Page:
2. The Be Clear on Cancer lung cancer campaign first ran nationally in England last summer (May to June 2012). Prior to this, it was piloted in the East and West Midlands for five weeks in October to November 2011.

3. The Be Clear on Cancer campaign is part of the National Awareness and Early Diagnosis Initiative, run in partnership with Cancer Research UK, to improve England's cancer survival rates.

4. The Government's priorities for cancer as set out in Improving Outcomes: A Strategy for Cancer (January 2011) includes the ambition to save an additional 5,000 lives per year by 2014/15.

5. Dr Jesme Fox, medical director of Roy Castle Lung Cancer Foundation, said:

“As a national lung cancer charity, we welcome this campaign and are very supportive of it. Knowing the symptoms of lung cancer might just save your life, or the life of someone you love. If you have new or worsening symptoms, such as a persistent cough, it is really important to get checked out by your GP. The chances are, you won’t have lung cancer. But, if you do, it is important to be diagnosed as early as possible to give yourself the best chance of being cured.”

6. Sarah Woolnough, Cancer Research UK's executive director of policy, said:

“Detecting lung cancer early and ensuring people get the best possible treatment is vital for better survival. Lung cancer remains our biggest killer - responsible for around a quarter of all cancer deaths – and the UK's survival rates lag behind comparable countries. Campaigns to increase awareness of the disease and its symptoms and to reduce the fear of getting signs checked out are very welcome. We can and must do more to improve our lung cancer survival rates, and alongside campaigns, Cancer Research UK is investing in research initiatives to help our understanding of the disease and to develop new and kinder treatments to beat it.”

7. Lung cancer symptoms:

The main symptom is a persistent cough for three weeks or more. Other symptoms include:

  • a cough that has got worse or changes
  • repeated chest infections
  • coughing up blood
  • breathlessness
  • feeling more tired than usual for some time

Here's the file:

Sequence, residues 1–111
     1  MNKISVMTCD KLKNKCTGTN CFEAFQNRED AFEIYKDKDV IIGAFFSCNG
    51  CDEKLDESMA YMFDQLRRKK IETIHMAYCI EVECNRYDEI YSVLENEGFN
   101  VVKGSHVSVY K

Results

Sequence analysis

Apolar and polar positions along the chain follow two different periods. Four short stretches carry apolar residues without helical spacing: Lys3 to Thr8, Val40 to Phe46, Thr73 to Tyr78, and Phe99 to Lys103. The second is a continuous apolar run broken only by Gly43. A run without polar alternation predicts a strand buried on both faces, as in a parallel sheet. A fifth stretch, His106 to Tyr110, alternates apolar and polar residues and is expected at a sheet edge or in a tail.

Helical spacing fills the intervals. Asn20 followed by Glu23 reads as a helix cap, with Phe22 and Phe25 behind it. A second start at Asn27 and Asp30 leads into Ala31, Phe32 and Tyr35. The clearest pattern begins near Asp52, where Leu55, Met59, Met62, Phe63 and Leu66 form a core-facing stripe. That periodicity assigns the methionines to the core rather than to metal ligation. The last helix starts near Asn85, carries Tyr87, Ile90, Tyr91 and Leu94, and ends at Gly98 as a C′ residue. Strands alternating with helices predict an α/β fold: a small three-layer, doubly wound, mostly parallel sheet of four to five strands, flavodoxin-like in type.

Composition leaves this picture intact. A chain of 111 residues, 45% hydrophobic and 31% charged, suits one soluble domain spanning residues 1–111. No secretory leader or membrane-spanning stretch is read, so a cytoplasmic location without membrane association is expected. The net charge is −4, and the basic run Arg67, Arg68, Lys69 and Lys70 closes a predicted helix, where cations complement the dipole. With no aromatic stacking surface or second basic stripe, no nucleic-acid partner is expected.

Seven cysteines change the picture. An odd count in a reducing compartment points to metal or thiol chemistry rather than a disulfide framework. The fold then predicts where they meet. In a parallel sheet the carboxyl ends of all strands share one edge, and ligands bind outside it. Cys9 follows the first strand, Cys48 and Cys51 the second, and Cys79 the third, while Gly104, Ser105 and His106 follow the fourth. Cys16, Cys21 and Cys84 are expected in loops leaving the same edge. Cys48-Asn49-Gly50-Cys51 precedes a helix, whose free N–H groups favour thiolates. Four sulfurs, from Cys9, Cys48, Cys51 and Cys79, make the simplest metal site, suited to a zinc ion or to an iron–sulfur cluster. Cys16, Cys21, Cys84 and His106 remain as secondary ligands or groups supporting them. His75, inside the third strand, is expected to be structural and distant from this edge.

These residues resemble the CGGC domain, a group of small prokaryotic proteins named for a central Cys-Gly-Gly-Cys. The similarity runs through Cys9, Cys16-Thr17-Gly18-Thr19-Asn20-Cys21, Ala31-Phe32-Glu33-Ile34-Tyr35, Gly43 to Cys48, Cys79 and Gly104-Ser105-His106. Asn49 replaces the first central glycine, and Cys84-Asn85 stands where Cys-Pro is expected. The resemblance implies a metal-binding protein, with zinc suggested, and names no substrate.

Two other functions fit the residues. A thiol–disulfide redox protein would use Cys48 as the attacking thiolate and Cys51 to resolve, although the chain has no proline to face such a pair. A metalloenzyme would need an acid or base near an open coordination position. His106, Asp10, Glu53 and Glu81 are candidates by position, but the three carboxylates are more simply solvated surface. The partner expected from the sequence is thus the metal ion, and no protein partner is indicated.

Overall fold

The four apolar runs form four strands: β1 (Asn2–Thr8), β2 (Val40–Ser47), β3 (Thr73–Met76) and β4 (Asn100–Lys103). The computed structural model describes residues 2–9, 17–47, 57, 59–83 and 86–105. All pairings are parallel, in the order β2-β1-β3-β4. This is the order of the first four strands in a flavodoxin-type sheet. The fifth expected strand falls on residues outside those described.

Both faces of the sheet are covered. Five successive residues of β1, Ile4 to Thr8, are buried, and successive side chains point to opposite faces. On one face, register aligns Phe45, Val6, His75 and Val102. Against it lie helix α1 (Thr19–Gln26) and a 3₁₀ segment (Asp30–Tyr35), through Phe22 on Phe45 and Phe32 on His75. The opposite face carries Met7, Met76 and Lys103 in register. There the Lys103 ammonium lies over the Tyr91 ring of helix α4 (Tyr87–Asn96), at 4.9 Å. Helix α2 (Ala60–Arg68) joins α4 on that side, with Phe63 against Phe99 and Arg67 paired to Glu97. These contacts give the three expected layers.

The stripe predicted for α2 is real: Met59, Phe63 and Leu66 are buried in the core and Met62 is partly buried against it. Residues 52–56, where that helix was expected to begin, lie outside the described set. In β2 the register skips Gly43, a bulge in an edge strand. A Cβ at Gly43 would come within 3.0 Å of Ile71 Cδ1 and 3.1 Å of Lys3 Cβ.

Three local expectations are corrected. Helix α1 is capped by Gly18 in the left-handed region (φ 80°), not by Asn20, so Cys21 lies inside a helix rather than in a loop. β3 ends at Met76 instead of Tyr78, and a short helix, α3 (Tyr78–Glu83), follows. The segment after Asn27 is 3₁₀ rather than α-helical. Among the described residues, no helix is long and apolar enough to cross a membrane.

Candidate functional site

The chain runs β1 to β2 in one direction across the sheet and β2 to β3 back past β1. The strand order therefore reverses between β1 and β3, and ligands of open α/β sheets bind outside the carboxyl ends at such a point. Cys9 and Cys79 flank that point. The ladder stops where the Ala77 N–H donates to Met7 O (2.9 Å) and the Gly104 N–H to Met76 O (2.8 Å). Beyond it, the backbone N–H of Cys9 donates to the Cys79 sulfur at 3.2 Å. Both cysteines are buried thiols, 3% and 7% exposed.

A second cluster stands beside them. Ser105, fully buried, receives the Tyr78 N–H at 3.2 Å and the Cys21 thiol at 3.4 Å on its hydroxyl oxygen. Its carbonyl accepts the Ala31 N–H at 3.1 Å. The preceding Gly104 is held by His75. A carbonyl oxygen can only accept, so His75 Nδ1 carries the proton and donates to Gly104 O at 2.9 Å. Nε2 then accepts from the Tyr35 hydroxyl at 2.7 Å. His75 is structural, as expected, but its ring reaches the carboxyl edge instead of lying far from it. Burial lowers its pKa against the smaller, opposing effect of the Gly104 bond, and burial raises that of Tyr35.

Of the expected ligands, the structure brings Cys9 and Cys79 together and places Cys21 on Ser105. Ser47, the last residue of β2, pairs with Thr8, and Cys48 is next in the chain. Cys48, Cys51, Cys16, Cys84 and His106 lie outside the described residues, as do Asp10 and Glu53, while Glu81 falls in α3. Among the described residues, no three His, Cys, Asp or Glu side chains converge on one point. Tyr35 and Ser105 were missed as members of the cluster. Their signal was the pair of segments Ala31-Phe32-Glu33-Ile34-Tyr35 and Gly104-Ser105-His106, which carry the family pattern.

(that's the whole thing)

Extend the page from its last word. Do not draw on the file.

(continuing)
• losing weight for no obvious reason
  • an ache or pain in your chest or shoulder that has lasted some time


Source: Data provided by Public Health England, West Midlands Knowledge & Intelligence Team, on behalf of the United Kingdom Association of Cancer Registries, May 2013

Regional lung cancer data

Region Total number of lung cancer cases registered in 2010

Total number of lung cancer deaths registered in 2010
Persons Males Females Persons Males Females
North West 5,895 3,164 2,731 4,796 2,593 2,203
Yorkshire and The Humber 4,014 2,162 1,852 3,353 1,824 1,529
West Midlands 3,484 2,022 1,462 2,924 1,691 1,233
London 3,428 1,937 1,491 2,843 1,574 1,269
South West 3,409 1,946 1,463 2,720 1,583 1,137
East of England 3,379 1,924 1,455 2,806 1,639 1,167
East Midlands 3,007 1,693 1,314 2,442 1,445 997
South East Coast 2,535 1,404 1,131 2,259 1,275 984
North East 2,490 1,259 1,231 2,047 1,031 1,016
South Central 2,138 1,227 911 1,850 1,073 777
England 33,779 18,738 15,041 28,040 15,728 12,312

West Midlands

Health and Wellbeing Board Total number of lung cancer cases registered in 2010 Total number of lung cancer deaths registered in 2010
Persons Males Females Persons Males Females
Birmingham 597 362 235 529 315 214
Stoke-on-Trent 200 112 88 160 87 73
Wolverhampton 169 109 60 149 92 57
County of Herefordshire 110 64 46 100 52 48
Coventry 195 104 91 166 96 70
Dudley 216 131 85 157 86 71
Sandwell 238 147 91 186 117 69
Shropshire 180 105 75 157 98 59
Solihull 160 72 88 126 65 61
Staffordshire 500 297 203 432 253 179
Telford and Wrekin 79 40 39 72 35 37
Walsall 194 113 81 163 104 59
Warwickshire 329 195 134 262 138 124
Worcestershire 317 171 146 265 153 112
West Midlands 3,484 2,022 1,462 2,924 1,691 1,233

For more information contact PHE West Midlands press office on 0121 232 9223/4